Sympathy For Mr. Vengeance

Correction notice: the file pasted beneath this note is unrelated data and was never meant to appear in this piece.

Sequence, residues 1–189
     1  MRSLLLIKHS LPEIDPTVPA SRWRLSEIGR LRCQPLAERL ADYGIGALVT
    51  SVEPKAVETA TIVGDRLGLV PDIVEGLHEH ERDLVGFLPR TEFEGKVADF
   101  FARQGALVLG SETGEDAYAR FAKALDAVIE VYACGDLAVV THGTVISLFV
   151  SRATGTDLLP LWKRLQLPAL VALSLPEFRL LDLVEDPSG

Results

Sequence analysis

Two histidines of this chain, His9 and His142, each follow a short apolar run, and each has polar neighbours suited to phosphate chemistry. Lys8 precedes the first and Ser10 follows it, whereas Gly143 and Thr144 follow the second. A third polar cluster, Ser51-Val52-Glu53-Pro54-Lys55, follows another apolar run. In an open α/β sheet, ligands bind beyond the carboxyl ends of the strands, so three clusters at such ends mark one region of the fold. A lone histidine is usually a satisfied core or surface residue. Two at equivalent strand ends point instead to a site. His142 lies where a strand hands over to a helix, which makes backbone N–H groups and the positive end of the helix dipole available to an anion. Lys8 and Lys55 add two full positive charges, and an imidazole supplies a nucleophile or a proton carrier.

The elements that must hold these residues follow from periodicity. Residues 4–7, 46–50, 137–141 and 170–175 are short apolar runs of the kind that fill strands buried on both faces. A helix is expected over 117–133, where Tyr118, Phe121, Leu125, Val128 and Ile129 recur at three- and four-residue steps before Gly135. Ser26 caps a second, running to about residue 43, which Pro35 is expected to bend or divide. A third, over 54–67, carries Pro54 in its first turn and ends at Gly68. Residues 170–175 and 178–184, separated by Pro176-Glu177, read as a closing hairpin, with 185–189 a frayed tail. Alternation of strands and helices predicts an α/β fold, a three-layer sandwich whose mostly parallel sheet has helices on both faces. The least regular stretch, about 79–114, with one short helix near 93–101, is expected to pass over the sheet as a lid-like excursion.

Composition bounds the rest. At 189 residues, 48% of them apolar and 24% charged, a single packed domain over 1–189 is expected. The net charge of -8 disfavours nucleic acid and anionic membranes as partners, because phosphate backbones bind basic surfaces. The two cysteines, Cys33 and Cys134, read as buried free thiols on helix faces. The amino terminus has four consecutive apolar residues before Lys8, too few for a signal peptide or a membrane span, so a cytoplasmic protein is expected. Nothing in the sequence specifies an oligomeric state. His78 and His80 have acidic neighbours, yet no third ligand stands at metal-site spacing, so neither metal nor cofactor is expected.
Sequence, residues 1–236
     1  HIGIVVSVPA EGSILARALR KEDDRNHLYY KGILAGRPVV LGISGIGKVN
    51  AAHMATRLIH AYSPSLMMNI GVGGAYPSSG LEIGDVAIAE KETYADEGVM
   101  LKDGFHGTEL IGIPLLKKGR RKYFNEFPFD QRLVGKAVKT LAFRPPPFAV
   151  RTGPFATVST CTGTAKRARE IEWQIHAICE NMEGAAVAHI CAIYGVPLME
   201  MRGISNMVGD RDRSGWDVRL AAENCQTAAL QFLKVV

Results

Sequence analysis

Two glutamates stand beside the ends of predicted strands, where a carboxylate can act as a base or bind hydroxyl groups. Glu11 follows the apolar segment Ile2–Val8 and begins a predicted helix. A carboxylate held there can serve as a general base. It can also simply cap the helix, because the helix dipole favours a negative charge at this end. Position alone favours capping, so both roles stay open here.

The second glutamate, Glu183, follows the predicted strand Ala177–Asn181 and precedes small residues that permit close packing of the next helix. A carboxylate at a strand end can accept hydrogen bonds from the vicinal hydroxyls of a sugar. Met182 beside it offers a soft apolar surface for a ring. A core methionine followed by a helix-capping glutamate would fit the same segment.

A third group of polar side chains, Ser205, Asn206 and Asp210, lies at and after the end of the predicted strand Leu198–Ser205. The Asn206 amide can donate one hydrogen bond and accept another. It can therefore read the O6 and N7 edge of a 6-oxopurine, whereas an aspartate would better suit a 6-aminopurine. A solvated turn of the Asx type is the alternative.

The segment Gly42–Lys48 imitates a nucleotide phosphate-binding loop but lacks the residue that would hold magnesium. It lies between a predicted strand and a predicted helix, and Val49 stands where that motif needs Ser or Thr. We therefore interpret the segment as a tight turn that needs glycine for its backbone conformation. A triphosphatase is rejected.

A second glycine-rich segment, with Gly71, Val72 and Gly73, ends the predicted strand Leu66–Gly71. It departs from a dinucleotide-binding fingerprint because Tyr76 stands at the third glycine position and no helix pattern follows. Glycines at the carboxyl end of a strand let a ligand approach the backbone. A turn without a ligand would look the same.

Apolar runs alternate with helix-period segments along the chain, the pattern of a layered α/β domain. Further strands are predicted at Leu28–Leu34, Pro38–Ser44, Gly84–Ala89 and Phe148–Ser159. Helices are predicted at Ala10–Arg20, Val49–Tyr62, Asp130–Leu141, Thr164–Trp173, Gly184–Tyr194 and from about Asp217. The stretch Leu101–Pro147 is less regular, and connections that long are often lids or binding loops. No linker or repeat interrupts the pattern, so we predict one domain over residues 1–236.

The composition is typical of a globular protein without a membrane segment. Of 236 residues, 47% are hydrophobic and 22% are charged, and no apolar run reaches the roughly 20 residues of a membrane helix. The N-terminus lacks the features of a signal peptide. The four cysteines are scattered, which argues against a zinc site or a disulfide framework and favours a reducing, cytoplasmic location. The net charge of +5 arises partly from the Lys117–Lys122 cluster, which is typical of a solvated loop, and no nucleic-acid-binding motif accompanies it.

Chan Wookpark's "Sympathy For Mr. Vengeance" does live up to the hype that I've been hearing about for two long years now. Not quite as emotionally gripping or uncomfortably perverse as "Oldboy", there's still an aura of brilliance that hovers throughout this first film in Park's revenge trilogy. Played out in a precise rhythm of cuts and sounds, the film tracks the ultimately violent decisions an unemployed deaf/mute factory worker makes in the hopes of gaining an organ transplant for his dying sister. Enlisting the aid of his revolutionary-minded girlfriend, they decide to kidnap the factory manager's daughter and blackmail him. Of course, tragedy strikes and the four main characters are forced to stumble through a series of bloody confrontations. I have to admit, even though the film is not as strong in its emotional connection to its characters as Park's "Oldboy", "Sympathy For Mr. Vengeance" is a strong visual masterpiece, relying on wordless stretches of images that cast a hallucinatory haze over the film. Certain narrative plot points are skipped outright (such as the entire kidnapping), and Park edits the film in a manner that culminates in an amazingly poignant finale. Chan Wook Park is one of the best directors working today and his oeuvre is yet another reason why Korean cinema contains some of the most vibrant and revelatory moments in international film.